I want to start by arguing that you CAN effectively use full PC builds as NPC enemies. I ran a very effective and memorable encounter pitting 5 level 9 heroes against 4 level 10 PC enemies, who became memorable allies later on and one player took over one of them after his character meet a tragic and irreversible end.
That said, I spent over a month working on and fine-tuning the encounter. Each PC foe was fully built, with powers, feats, backgrounds, themes, and items. The group of four were painstakingly tuned for teamwork. I play-tested the battle several times to make sure the numbers matched up. I memorized each power for each player and built cheat-sheets with the hit and damage numbers for quick reference. It worked and my players were amazed, but it was tough to mentally keep track of 4 players whilst also adjudicating the rest of the fight.
I would, however, recommend against this in general. It's extremely demanding on the DM. Also, the encounter has to be very carefully tuned for this, because players fight in remarkably different ways than monsters. At-will damage is generally MUCH lower: level 10 defender doing 1d10+6 is nothing compared to a level 10 monster hitting for 2d10+10 or higher. The fight tends to last a lot longer too, especially if you have a leader PC enemy.
Ultimately, monster builds and NPC templates are designed as tools to facilitate your job as DM. You don't have to restrict yourself to those tools, but make sure you recognize the extra work involved in foregoing them. I would caution against randomly throwing a PC build in with other monsters without proper planning and expecting it to work as seamlessly as tossing in another monster, even a custom one.
I don't think there's any reason why you couldn't, but plenty of reasons why you shouldn't.
Ultimately it comes down to time; that is your time. It takes a while to build a PC, and if you fling that creature into combat with the party they're almost certainly going to lose. Depending on the level, they will probably have failed to use most of their encounter powers and probably most of their daily powers too during that combat.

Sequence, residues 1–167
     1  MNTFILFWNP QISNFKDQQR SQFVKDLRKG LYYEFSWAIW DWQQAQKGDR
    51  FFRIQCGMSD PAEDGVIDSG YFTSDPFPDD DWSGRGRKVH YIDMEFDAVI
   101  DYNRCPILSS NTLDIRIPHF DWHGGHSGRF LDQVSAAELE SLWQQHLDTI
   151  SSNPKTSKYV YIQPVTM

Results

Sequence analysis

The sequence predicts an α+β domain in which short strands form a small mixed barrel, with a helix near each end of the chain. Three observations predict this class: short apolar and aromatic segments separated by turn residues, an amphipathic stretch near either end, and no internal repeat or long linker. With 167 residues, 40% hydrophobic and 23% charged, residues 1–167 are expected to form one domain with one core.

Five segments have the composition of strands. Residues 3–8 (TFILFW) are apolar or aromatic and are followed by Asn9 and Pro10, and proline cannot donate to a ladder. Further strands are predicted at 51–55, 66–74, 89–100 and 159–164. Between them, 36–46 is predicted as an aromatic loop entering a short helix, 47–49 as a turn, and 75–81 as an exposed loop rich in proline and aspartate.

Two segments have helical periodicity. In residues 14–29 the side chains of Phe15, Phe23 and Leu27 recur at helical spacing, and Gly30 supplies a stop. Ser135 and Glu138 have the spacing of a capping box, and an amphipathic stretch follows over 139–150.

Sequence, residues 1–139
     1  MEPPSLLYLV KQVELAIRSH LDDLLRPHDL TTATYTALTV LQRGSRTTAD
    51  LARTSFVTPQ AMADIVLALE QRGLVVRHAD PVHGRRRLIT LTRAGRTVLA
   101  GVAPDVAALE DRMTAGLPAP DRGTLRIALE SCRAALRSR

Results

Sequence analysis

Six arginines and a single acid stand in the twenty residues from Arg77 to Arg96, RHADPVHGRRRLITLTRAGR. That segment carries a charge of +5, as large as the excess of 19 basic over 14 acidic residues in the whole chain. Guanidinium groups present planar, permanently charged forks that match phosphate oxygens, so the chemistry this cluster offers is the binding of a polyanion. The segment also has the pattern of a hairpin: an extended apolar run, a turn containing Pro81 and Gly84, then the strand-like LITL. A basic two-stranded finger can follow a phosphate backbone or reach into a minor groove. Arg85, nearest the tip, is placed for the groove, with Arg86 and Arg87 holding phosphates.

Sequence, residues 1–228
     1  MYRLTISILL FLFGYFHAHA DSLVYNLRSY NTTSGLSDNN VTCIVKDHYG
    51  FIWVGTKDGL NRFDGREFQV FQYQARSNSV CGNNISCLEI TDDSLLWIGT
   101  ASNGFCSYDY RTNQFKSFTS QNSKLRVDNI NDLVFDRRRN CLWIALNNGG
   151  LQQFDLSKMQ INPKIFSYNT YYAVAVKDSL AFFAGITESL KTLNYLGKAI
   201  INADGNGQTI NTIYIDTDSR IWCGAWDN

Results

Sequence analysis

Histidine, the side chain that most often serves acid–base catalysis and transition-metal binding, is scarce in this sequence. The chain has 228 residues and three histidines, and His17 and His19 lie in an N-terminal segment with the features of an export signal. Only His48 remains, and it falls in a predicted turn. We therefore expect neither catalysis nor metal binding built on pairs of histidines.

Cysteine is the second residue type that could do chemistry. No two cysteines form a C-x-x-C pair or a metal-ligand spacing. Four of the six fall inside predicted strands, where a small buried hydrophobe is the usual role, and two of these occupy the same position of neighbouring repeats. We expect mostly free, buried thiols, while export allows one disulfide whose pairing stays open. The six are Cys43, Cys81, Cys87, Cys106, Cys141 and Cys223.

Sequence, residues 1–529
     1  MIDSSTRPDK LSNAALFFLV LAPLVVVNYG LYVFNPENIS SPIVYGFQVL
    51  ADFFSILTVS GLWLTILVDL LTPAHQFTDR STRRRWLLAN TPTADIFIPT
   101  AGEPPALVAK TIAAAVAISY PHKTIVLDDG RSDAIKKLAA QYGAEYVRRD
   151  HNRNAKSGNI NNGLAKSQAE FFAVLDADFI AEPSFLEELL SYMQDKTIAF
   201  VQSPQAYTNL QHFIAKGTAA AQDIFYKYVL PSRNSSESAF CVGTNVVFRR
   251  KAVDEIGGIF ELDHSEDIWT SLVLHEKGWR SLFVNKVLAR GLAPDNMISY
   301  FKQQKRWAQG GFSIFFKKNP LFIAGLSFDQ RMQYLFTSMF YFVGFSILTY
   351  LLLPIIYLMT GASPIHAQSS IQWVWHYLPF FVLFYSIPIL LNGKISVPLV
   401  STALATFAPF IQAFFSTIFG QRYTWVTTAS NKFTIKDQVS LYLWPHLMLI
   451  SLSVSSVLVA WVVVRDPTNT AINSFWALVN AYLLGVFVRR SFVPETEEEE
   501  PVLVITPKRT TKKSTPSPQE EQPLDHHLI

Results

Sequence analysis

Instead of building a PC for them to fight, you'd be better off thinking of ways to make the fight end in something other than a one-sided defeat, and having the resulting NPC be beneficial in the future.
If you are building the NPC to be versatile over several encounters, then I think you'd be better off just planning out the NPC for each combat as it comes, with abilities as appropriate; it's entirely possible that later combats might not even take place.
To address one of your points, rebuilding a monster as a PC won't make it more dangerous - monsters are mostly limited by their actions (one per average five of the PCs), not the variety of their abilities. If the whole encounter is "PC" monsters, you won't be able to run it very well since you'll forget most of the synergies and abilities and just end up doing basic melee attacks or similar anyway.
My suggestion, think about how the NPC is supposed to act, and build one or two powers that exemplify this nature.